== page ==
As an expat living in France, our daily lives are much similar to anyone else in the world. We work too hard, drink too much and tour all too often - all self-confessed failings. So, from time to time, when we do see a chance, we tend to take it with both hands. Thus it was last weekend, visiting friends up near La Rochelle, we took a diversion on our way home to a tourist destination – the lovely island of Oleron, just off the coast north of Bordeaux. Sadly its beautiful beaches were deserted bar a few hardy surfers and, as the car door was wrenched from my hand by 40 mph gusts, I could quite understand why. Then, after an extremely fresh walk with the dogs, the rain set in, shrouding the island in a blanket of grey which was most un-befitting. Were we a pair of holidaying tourists, we may have taken exception to the downpour and turned tail for home. However, to us the rain was welcome, negating the need to rush home and water the vegetable garden, so we settled into a swanky restaurant for Sunday lunch.
As this was in a small fishing port, I fancied some fresh fish – well you do, don’t you?
On the menu I am confronted with a fish beginning with P, a name which I didn’t recognise and, always being an adventurous eater, selected it as my choice. On giving my order to the delightfully camp waiter, casually I asked him in reasonable French what would this fish be called in English? Without a moments hesitation he obliged me by fetching an English translated menu, something they kept just to humiliate tourists, parading it around the room so that sniggering could be heard amongst the rest of the French clientele.
On opening it, laughter could be heard from our table too. Seeing poorly translated French menus is commonplace in the more anglified parts of Dordogne and often makes me chuckle.
Here we had ANGRY HAKE, served with new potatoes and a green salad.
Oui, voila! I exclaimed, the angrier the better. He didn’t see the joke. Patiently I awaited my Hake with unmitigated intrigue. It had to be a misprint?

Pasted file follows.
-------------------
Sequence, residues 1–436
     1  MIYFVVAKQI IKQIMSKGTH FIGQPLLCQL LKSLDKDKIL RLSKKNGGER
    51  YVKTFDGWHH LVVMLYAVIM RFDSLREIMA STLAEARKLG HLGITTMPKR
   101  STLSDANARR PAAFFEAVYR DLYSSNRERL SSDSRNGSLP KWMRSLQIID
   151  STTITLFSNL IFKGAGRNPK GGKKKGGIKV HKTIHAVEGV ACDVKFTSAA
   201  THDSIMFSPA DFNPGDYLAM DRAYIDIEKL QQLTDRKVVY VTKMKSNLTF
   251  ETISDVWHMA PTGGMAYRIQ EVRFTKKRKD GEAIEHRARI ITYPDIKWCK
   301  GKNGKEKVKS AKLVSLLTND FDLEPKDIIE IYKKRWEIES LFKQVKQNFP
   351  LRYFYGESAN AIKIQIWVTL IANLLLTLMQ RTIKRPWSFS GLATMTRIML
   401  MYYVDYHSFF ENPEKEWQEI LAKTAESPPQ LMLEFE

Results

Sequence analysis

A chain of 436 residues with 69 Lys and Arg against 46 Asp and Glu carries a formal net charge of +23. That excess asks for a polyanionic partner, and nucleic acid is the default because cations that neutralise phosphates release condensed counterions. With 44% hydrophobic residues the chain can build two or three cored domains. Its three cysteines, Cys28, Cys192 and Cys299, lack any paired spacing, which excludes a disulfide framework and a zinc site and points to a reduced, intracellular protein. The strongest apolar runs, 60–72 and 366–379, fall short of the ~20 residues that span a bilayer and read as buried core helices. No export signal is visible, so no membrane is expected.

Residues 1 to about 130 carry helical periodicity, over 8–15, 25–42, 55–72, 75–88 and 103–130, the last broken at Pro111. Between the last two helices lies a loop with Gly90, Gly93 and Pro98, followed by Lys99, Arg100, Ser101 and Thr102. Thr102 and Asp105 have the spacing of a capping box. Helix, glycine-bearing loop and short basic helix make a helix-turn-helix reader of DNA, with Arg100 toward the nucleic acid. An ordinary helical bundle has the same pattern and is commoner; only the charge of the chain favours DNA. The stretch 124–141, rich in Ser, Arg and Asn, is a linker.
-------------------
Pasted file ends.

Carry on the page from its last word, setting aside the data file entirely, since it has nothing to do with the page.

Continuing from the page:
A more outraged creature, I have never seen. This thing was terrifying. Bent round in a circle, the mouth of the fish was wide open, gripping its own tail with teeth like that of a great white shark. Not only that, but its eyes were so vicious I would have gladly handed it my wallet, car keys and young-born, were I to meet in it an alleyway.
Thankfully, it was dead, although it did take me a few minutes standing cowering back from the table before I accepted this fact, eventually prodding it with the sharp knife that I had been instinctively gripping with white knuckles.
I am not a great one for sci-fi movies, but I am pretty sure Ridley Scott must have dined here before going onto make the film, Alien.
Eventually, as I dined on its flesh, after first rapidly removing its head in a frantic sawing motion in case in a it was only stunned, I couldn’t help wondering how many diners may have had a coronary after being faced with such a plate. My guess is the kitchen staff had the paramedics on speed dial!
I have to say, it was delicious though.
And on consideration, it probably had every right to be angry, after being tugged from the Atlantic, then thrust into a pot of boiling water and fed to humans in the name of entertainment. A more compassionate soul would have felt sorry for it.
I, on the other hand, am still having nightmares, where it comes back to life and bursts out of my stomach at a dinner party, systematically devouring all the other guests.